Hydroelectricity in Italy

From Wikipedia, the free encyclopedia
Old hydroelectric plant, now museum, in Cedegolo, Val Camonica

Italy is the world's 14th largest producer of hydroelectric power, with a total of 50,582 GWh produced in 2010.[1] Electric energy from hydro accounted for about 18% of the national electricity production in 2010.[2]

There were a total of 2,729 active plants in 2010, of which 302 had a capacity greater than 10 MW.[3]: 54–55  Hydroelectric plants are especially widespread in the north, where there are many rivers and mountains. Lombardy, Piedmont and Trentino-Alto Adige contributed for almost 60% of the total energy production in 2010.[3]: 62 

Hydroelectricity played a major role in the development of energy sector in Italy, since until the 1950s almost all the electric energy produced in the country came from this source. In fact, almost all the current capacity was installed in the first half of the twentieth century.[2]

Plants in Italy are also used to store excess energy from other sources during off-peak periods.


Electric power production in Italy from 1883 to 2012: hydroelectricity (in blue) remained almost the same since the 1950s.

Since the Italian peninsula is relatively recent geological formation, it lacks commercial coal deposits and oil, so hydroelectricity was the first source widely used in Italy to produce electric energy,[4] and remained the main source at least until the 1960s. For example, of the total 15.5 TWh produced in 1938 hydro accounted for 14.6, or 94%. Hydroelectric energy played a main role in the Italian industrialization since late 19th century.[5] Hydroelectricity contributed for about 87.5% of the total energy produced from 1900 to 1960.[2]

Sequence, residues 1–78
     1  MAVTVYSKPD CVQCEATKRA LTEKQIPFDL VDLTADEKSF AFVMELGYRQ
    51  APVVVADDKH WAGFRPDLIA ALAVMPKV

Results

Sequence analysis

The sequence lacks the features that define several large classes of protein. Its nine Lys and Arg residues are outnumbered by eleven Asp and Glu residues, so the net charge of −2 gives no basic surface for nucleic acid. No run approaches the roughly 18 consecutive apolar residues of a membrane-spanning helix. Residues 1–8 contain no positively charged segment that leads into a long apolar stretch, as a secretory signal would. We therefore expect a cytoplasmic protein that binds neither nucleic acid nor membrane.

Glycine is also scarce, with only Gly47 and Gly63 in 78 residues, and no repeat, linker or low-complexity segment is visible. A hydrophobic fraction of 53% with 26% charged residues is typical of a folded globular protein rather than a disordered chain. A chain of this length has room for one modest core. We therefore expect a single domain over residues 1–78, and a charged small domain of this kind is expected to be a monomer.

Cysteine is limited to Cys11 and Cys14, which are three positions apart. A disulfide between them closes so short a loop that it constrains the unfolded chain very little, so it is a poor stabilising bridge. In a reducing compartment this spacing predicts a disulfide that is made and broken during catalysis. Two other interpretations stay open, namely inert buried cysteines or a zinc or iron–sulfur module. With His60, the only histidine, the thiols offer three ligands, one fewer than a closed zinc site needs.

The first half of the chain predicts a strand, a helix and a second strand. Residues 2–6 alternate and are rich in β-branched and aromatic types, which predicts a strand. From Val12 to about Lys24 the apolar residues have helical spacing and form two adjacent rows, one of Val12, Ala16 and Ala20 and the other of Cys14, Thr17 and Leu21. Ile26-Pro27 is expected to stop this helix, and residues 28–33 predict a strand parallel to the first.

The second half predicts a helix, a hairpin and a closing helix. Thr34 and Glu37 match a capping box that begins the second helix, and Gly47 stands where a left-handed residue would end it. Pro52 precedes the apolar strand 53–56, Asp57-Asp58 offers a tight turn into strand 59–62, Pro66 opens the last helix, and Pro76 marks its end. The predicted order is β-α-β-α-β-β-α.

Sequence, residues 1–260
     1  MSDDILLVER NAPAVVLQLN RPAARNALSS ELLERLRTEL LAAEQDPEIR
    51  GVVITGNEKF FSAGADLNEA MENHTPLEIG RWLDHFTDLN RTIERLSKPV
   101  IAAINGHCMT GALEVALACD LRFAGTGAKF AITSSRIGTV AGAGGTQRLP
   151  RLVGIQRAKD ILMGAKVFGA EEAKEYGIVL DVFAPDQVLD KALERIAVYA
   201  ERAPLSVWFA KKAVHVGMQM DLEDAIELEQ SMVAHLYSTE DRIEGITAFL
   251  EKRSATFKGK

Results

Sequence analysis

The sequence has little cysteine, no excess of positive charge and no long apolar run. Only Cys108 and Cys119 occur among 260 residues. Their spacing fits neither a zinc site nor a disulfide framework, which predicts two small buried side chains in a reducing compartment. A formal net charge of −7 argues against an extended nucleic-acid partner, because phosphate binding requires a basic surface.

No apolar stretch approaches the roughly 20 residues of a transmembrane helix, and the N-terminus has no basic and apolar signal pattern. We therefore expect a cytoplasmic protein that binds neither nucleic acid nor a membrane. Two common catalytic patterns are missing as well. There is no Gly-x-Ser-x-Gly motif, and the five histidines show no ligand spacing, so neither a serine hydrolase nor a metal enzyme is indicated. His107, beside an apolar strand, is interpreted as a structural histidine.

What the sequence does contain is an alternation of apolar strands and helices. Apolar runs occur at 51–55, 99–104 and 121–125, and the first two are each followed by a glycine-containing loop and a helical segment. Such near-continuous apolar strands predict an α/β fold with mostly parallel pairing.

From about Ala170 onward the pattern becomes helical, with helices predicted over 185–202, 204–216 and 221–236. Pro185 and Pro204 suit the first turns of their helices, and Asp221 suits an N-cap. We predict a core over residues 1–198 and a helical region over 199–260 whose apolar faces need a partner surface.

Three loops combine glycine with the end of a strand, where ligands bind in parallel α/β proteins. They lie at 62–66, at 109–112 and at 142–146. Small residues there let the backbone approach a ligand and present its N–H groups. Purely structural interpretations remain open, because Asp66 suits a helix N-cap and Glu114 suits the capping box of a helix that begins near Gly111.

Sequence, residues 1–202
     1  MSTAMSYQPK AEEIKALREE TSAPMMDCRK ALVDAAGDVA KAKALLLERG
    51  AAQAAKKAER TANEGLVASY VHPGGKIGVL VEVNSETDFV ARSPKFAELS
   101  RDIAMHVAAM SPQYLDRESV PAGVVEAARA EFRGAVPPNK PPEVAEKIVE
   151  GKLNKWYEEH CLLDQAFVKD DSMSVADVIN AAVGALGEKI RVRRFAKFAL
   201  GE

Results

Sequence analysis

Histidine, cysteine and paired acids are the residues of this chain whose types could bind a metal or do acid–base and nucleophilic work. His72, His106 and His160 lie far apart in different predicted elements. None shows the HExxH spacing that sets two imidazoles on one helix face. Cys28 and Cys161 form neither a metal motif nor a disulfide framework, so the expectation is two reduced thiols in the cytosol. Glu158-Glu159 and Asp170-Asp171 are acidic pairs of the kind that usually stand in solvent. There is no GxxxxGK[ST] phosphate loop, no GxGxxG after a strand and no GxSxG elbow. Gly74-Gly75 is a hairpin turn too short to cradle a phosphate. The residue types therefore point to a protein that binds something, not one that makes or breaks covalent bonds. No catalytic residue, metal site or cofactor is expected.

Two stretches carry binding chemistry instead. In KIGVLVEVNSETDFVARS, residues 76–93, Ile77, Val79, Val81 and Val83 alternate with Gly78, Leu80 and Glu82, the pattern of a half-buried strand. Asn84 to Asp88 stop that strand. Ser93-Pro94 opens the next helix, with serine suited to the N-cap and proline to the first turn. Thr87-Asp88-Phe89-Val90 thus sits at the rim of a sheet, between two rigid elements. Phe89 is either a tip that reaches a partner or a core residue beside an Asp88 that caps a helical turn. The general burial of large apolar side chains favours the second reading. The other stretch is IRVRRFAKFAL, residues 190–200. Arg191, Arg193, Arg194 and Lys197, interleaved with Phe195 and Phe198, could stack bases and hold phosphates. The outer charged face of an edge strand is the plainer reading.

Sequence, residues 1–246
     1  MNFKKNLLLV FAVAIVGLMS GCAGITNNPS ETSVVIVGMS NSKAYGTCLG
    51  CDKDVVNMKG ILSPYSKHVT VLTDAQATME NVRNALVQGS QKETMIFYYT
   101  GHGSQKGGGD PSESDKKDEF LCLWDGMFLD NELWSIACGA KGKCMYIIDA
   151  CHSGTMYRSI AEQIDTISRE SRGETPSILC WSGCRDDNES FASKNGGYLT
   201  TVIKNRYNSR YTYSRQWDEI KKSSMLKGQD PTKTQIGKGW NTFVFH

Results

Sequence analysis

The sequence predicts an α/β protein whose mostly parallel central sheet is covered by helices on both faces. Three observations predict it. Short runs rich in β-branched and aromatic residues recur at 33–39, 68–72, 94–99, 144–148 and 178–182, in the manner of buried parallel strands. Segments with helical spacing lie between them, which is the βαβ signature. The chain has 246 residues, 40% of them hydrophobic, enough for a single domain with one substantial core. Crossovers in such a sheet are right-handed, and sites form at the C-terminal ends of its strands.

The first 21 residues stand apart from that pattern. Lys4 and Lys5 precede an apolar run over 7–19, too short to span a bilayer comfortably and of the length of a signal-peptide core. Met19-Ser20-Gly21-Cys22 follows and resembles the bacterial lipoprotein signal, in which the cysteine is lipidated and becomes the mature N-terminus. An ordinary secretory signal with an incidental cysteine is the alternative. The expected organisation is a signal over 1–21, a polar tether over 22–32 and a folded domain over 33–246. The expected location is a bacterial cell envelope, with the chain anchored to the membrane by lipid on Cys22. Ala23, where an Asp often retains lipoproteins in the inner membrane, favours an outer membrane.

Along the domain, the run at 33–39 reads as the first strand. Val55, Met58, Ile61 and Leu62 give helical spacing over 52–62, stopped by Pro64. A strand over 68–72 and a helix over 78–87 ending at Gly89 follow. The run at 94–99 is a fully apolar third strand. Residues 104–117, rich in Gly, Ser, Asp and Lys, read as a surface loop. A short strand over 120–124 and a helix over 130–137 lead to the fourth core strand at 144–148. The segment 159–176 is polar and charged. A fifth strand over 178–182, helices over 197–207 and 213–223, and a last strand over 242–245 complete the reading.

Since the 1960s the share of hydroelectricity decreased constantly due to the increase in energy needs and almost unchanged total capacity. By 1980, share of hydro was already below 25%. The majority of energy was at that time produced by fossil fuels. For comparison, energy consumed in Italy in 2010 was about 20 times that of 1938.[2]

Italian hydroelectric potential is estimated to be exploited at 90%. This explain the almost unchanged total capacity in last 50 years. All the favorable places have already been taken: this poses a limit on the construction of new plants of relevant capacity in terms of technical, economical and environmental problems.[5]

Top ten hydroelectric plants in Italy by capacity[edit]

Chiotas Dam at Entracque
The lower reservoir of Edolo pumped storage plant
Company Plant Capacity
Place Province Type
Enel Entracque 1,317 Entracque CN Pumped-storage
Enel Roncovalgrande[6] 1,016 Maccagno VA Pumped-storage
Enel Domenico Cimarosa (Presenzano) 1,000 Presenzano CE Pumped-storage
Enel Centrale di Edolo 1,000 Edolo BS Pumped-storage
Enel Centrale idroelettrica di San Fiorano 568 Sellero BS
Endesa Italia Centrale di Galleto 530 Terni TR
Enel Centrale idroelettrica di San Giacomo 448 Fano Adriano TE
A2A Centrale idroelettrica di Grosio 428 Grosio SO
Edipower Nucleo di Mese - C.le Mese 377 Mese SO
Edipower Nucleo di Udine - C.le di Somplago 309 Cavazzo Carnico UD
A2A Centrale idroelettrica di Premadio 245 Premadio SO

See also[edit]


  1. ^ Compare List of countries by electricity production from renewable sources
  2. ^ a b c d "Statistiche produzione elettricità 1883-2010". Terna. Retrieved 10 January 2012.
  3. ^ a b "Rapporto Statistico 2010" (PDF). Statistiche sulle fonti rinnovabili (in Italian). Gestore Servizi Energetici (GSE). Retrieved 4 January 2012.[permanent dead link]
  4. ^ "Italy - Resources and power | Britannica".
  5. ^ a b "Idroelettrico in Italia". EniScuola. Eni. Archived from the original on 28 October 2012. Retrieved 13 January 2012.
  6. ^ "Impianti: Roncovalgrande - Maccagno". Enel. Archived from the original on 15 November 2012. Retrieved 12 January 2012.

External links[edit]